ALL ABOARD: Overdone, underdone, redone, but never outdone

Now that the weather is nicer, many of us are trying to get more things done.

Now that the weather is nicer, many of us are trying to get more things done.

Getting things done is the American dream in action.

How else can one treat oneself to the pleasures of life unless one first gets things done?

Monta Crane’s oft-quoted reference to this subject is worthy of remembering. “There are three ways to get something done: Do it yourself, employ someone, or forbid your children to do it.”

Funny how my teenage years not-to-do list eventually included so many “been there, done that’s.”

“Don’t smoke, Jimmy, it’s not good for you.”

OK then, Mom, only after track meets, not before.

“Don’t drink, Jimmy, it’s not going to help you in any way.”

Tell that to my first sergeant in the Marine Corps.

As a supply clerk, it was my responsibility every Friday afternoon at 1600 hours to buy his half gallon of milk and loaf of bread so he could line his stomach for the weekly Friday night slop-shoot ceremony.

No wonder they call it Wonder Bread.

The older I get, the less I want to do that which I no longer enjoy doing.

The thrill of a good mow is gone.

Now I enjoy the satisfaction of a good rake.

Rock concerts, dust and warm beer no longer stimulate my senses like the sip of an ice cold Vernors on the back porch, watching the neighbor’s cows look stupid.

Think they wonder what we are thinking?

Fortunately, living on Whidbey Island we have the sensibility and source ability to find someone or some organization to help and one qualified to do what we may not want to do, whether we know how or not.

Like care giving.

For every person out there in need, there is a real short list of qualified caregivers.

To me, qualified is a word that is more about a caregiver’s compassion and honesty and comforting than book-learning and certified classes.

Locally we are blessed to have some fine adult family homes that offer 24/7 care to those young and old who cannot be cared for at home or have no family to help.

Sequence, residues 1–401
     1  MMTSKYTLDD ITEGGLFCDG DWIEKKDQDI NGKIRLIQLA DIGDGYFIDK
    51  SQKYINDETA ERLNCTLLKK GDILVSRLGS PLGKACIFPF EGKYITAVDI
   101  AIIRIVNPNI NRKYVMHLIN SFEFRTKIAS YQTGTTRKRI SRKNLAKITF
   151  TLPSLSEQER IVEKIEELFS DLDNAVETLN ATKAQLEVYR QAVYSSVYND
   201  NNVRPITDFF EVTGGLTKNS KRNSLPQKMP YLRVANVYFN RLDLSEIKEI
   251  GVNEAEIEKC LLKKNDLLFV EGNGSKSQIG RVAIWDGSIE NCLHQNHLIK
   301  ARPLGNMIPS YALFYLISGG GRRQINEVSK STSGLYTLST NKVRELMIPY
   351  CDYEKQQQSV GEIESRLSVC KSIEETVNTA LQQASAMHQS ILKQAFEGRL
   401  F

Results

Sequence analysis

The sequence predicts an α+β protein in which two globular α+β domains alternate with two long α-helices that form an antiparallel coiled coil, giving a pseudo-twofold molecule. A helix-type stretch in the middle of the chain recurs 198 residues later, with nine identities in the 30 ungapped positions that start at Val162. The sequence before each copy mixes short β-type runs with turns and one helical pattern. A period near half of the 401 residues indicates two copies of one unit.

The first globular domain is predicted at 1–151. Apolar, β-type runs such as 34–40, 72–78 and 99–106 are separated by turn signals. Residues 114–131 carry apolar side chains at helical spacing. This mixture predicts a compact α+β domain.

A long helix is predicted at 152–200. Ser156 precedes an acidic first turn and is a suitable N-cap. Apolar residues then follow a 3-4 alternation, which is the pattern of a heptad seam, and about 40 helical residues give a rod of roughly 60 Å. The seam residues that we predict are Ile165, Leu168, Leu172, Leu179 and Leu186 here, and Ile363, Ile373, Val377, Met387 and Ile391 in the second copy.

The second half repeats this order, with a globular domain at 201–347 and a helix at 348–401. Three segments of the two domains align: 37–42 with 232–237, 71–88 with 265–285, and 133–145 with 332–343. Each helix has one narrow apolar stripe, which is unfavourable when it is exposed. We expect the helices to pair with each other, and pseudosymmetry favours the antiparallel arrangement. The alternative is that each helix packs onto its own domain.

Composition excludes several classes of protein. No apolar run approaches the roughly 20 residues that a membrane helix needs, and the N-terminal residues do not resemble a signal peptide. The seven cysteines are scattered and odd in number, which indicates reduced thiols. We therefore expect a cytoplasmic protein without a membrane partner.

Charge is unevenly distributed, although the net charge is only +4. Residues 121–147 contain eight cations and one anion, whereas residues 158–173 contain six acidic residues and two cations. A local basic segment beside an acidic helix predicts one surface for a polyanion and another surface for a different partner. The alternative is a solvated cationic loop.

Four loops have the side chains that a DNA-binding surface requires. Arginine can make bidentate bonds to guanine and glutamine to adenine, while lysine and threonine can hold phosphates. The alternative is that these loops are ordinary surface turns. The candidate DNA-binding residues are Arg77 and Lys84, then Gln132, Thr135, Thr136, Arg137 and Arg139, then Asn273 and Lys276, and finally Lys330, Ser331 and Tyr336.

A tip of the conductor’s cap to Barb and Rick King of Mom and Dad’s House, a licensed adult family home in Freeland, for their superb care of Frank McGee during his yearlong recuperation from a stroke.

Thanks to the care and comfort and unselfish dedication these professional caregivers maintained, night and day, seven days a week for over a year. Frank is now able to move into Maple Ridge Assisted Living Facility to continue on his road to independence.

Certainly there will continue to be several stops for Frank along that road to recovery at 1504 Coffee next door to the Texaco Short Stop in Freeland where Frank and friends Bill, Jack and Andy, Tom, Sandy, Cathi, Mike, JC and others join daily to tolerate sarcasm from folks sharing time while enjoying not getting much else done.

More in Life

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Scorch is a play about gender identification showing at Outcast’s black box theater on the Island County fairgrounds June 13-17. It’s a one-person play, performed by Carmen Berkeley. Director and co-producer Ty Molbak went to middle school in Langley was was active in Whidbey Children’s Theater. Both will be seniors at Rutgers University in the fall. One scene in the play “Scorch” portrays the main character looking into mirrors and wondering what others see.
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Tickets still available for Saturday event

Jordan Shelley, 18, stands outside his home in Greenbank. He recently received the Sydney S. McIntyre Jr Scholarship from Skagit Valley College to go toward his tuition at the University of Washington. Shelley will pursue his childhood dream of becoming a doctor. Photo by Laura Guido/Whidbey News Group
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Homegrown ‘Frijole Friday’

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Scott Swenson, a National Park Service carpenter, puts the final pieces in on a ramp on the newly restored Pratt Sheep Barn. The 1930s barn will serve as a classroom one it officially opens in July. Photo by Laura Guido/Whidbey News Group
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Shhh…it’s a surprise party for old-timer Bill Lanning

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New look for familiar frozen treat

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